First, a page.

The breech bolt itself is easy to work on, and you should check the travel of the firing pin before taking it apart. With the locking block pushed up, the firing pin should move easily into firing position. With it down, this locking block should block the firing pin from reaching a primer. Remington has boxes full of homemade and incorrect firing pins that have been taken out of 1100s returned for factory repair. We have seen several that have had their front collars ground down by people with the mistaken idea this will stop the shotgun from misfiring. They believe this will allow the firing pin to go through the locking block easier. What this will do is allow the shotgun to fire without the breech being properly locked, creating one blown-up shotgun and one hospitalized shooter. This collar was designed to prevent firing unless the breech is properly locked.
The firing-pin retainer pin is driven out from the top to the bottom. This releases the breech-bolt buffer as well as the firing pin and firing-pin spring. As soon as these come out, the locking-block assembly will fall out the bottom of the breech body. The only other parts in the breech bolt are the extractor, extractor spring, and extractor plunger. We have discussed dogleg extractors in previous issues, so we will not go into detail here. To remove the extractor, the plunger must be pushed toward the rear of the breech bolt and held there while the extractor is pulled straight out. Make sure the extractor plunger moves back and forth smoothly and forcefully, or it will not hold the extractor solidly enough to extract the fired shell. If you remove the extractor, always pull the plunger out of the bolt face. A small screwdriver or punch can be used to pull the plunger spring out. Make sure these are free of rust and are clean. Rust in the extractor-plunger hole can create ejection problems and ultimately cause the destruction of the breech bolt.
The action spring is hidden away in the 1100’s stock, and is often forgotten in the search for feeding/ejection problems and cures. The action spring and tube collect trash and moisture, as the link forces the action-spring follower down the action tube so fast that it creates a vacuum. This vacuum, along with the residue thrown off the bolt as it slams against the rear of the receiver, will suck trash, dirt, and water inside. The stock must be removed before the tube can be reached. It is necessary to put both the lock nut and washer back on this tube before reinstalling the tube nut. By pushing the action-spring plug up into the action tube about three millimeters, it is easy to slide the action-tube spring plug out the side of the tube. This permits the spring and follower to come out the rear of the spring tube. Always brush the tube out and check for rust, then lubricate it with a light oil. Heavy oil and grease will create a hydraulic effect that will slow the action and stop the gun from ejecting or feeding correctly. The magazine tube is also a place that collects dirt and water because shooters often load it with dirty or wet shells. If dirt or rust slows down the magazine follower, it may not push a shell out of the tube fast enough to feed properly.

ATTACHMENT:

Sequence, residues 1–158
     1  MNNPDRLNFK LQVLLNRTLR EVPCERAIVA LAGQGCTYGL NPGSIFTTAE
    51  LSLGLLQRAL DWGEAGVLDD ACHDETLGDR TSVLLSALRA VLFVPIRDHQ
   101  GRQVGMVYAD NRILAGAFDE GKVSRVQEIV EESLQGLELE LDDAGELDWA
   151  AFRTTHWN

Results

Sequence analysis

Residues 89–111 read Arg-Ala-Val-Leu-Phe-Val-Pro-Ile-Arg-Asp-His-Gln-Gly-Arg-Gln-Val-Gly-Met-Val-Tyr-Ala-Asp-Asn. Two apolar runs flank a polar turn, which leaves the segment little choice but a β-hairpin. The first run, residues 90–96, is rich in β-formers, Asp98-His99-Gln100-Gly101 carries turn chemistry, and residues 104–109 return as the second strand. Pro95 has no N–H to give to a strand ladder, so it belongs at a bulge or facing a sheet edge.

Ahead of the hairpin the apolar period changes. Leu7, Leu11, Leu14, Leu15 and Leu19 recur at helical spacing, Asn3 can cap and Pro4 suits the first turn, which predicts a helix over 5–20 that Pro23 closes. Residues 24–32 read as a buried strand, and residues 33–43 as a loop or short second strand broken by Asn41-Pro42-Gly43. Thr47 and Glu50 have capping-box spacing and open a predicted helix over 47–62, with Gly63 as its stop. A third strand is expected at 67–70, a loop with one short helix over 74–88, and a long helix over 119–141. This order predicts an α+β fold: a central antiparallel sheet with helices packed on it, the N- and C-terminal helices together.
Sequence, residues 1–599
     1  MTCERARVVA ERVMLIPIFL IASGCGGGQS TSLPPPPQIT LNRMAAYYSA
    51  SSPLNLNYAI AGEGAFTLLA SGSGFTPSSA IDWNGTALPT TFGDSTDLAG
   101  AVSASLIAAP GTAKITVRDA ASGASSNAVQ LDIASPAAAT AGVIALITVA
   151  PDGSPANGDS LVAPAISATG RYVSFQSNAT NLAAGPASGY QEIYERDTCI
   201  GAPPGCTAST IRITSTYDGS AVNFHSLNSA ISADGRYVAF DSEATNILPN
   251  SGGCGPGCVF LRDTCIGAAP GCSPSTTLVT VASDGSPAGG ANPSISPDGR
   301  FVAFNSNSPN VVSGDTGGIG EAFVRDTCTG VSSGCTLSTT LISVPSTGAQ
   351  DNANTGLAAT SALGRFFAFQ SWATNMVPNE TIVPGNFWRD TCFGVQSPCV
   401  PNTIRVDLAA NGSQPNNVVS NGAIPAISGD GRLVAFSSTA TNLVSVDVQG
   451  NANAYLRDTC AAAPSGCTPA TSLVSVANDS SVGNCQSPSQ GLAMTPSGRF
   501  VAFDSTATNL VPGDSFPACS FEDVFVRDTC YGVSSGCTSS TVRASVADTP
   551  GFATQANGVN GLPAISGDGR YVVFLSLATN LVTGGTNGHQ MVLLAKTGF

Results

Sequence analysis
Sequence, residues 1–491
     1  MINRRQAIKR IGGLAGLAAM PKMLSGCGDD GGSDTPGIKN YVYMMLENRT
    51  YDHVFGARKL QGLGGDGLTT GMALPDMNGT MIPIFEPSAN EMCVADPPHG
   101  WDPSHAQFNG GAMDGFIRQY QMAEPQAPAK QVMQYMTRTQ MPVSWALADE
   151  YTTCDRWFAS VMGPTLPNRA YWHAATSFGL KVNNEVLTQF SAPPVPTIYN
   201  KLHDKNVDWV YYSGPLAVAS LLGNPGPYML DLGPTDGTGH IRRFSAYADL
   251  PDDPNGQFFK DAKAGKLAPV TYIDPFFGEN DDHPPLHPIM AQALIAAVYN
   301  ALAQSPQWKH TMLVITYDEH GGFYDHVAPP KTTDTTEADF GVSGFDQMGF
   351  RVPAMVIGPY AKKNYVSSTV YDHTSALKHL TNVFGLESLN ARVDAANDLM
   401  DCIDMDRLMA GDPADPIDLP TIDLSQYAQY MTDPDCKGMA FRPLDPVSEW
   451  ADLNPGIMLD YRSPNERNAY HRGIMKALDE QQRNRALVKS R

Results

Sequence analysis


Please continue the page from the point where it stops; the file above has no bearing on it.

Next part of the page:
We have saved the trigger assembly until last. Mixed or improperly fitted parts can really give problems. Remington trigger assemblies are coded to match specific receivers and are not to be interchanged. Start your trigger disassembly by using a small screwdriver to remove the sear spring. Slip the end of the screwdriver into the coils right behind the sear and pull it back. This will release the spring from the sear and allow its removal. The trigger-plate pin bushing can be gripped from the same end that the trigger-plate pin detent spring is attached, then pulled out of the trigger housing. You must drive the trigger pin out from right to left because it is directional. I have found some that have been installed backward. If it does not come out with moderate force, it may be in backward. These pins are made directional by three slots driven into one end to spread the metal and make them tight when they are driven into the trigger housing.
To remove the trigger assembly, take a small screwdriver and carefully pry up the front arm of the left connector just enough to lift it up and over the connector-guide lug made into the trigger-guard body. When this is lifted over the top of the lug, the trigger assembly can be lifted out the top of the trigger housing.